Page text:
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objective case

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The personal pronouns (and the relative or interrogative pronoun who) exhibit case. The case of a pronoun reveals how the noun it replaces would act in the sentence. We have three cases: (1) subjective or nominative case, (2) objective case, and (3) possessive case.

A pronoun must appear in the objective case when it serves as the object of a verb, an indirect object, or the object of a preposition.

The relative or interrogative pronoun who also exhibits case: who (subjective), whom (objective), and whose (possessive).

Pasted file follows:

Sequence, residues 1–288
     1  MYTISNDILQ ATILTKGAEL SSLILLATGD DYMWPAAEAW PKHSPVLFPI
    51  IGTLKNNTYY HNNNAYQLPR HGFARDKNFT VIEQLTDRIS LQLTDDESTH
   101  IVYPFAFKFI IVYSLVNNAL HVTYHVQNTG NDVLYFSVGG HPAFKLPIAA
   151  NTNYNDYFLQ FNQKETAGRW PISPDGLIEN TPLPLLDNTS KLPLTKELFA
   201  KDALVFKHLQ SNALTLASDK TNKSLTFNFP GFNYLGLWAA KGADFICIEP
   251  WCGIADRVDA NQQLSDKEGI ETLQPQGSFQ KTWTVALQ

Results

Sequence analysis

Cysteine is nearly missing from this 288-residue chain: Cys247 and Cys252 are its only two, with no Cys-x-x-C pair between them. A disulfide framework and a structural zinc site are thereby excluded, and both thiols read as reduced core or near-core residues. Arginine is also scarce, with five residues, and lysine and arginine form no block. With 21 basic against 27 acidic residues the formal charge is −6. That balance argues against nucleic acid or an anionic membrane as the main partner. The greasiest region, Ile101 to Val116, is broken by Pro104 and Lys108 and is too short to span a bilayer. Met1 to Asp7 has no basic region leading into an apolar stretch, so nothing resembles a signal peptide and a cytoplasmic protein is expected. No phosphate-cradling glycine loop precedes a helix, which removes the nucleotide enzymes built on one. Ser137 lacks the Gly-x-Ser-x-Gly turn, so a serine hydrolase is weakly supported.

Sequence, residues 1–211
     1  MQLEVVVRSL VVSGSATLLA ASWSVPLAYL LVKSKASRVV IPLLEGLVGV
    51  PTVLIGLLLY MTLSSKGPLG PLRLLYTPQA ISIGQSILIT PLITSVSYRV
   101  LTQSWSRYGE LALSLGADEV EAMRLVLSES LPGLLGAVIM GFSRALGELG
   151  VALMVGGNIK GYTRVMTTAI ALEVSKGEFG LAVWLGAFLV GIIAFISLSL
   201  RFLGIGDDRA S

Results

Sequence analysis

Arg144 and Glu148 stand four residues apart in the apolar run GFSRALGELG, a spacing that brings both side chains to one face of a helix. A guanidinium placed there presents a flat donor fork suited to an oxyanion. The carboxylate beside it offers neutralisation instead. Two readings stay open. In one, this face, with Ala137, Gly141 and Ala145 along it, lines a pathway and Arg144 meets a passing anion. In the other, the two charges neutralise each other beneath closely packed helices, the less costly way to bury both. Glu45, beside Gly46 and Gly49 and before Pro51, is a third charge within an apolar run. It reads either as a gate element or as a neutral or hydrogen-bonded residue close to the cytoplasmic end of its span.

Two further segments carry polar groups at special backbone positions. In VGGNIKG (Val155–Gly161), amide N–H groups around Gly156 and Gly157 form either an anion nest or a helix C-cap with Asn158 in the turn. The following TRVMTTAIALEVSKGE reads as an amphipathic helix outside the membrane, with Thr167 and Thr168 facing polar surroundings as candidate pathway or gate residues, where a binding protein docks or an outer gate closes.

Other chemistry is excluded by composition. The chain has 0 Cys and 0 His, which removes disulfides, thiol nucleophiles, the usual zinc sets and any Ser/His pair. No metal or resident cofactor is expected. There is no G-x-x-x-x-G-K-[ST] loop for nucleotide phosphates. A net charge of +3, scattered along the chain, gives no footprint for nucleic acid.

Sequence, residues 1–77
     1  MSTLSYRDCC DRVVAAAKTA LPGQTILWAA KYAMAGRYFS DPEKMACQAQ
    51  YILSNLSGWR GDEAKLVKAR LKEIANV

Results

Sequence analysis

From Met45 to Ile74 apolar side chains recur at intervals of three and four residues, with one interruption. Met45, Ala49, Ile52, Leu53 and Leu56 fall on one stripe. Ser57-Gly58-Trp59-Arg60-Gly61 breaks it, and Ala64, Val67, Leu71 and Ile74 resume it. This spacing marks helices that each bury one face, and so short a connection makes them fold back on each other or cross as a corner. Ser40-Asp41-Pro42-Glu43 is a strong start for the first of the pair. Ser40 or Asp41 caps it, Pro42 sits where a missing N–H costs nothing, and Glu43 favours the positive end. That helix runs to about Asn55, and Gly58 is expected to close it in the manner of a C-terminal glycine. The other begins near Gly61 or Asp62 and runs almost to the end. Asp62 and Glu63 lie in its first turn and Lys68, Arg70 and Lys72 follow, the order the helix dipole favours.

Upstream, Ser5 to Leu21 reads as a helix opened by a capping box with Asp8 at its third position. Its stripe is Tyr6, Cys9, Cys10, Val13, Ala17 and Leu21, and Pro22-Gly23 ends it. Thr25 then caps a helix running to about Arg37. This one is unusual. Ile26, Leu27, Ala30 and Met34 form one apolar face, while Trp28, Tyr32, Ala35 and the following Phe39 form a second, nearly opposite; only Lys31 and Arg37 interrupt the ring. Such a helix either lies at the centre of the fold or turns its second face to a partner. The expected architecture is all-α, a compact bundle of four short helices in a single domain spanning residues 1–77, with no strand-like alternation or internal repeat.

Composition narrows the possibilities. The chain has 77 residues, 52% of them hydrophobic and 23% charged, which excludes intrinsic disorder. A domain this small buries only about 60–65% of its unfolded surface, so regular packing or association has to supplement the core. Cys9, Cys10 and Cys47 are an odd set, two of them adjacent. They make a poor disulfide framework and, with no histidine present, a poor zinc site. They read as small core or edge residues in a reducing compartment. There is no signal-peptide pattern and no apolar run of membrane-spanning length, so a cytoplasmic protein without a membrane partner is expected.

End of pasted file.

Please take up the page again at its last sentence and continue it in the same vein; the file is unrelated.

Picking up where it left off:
The following table reveals the objective case of personal pronouns. You must use the objective case when the pronoun acts as the object of a verb (We elected him mayor), as the indirect object of a verb (Send me the report), or the object of a preposition (Here's a present for you and him).

Singular Personal Pronouns  
Person Objective Case
First Person me
Second Person you
Third Person him (masculine)
her (feminine)
it (neuter)
Plural Personal Pronouns  
Person Objective Case
First Person us
Second Person you
Third Person them

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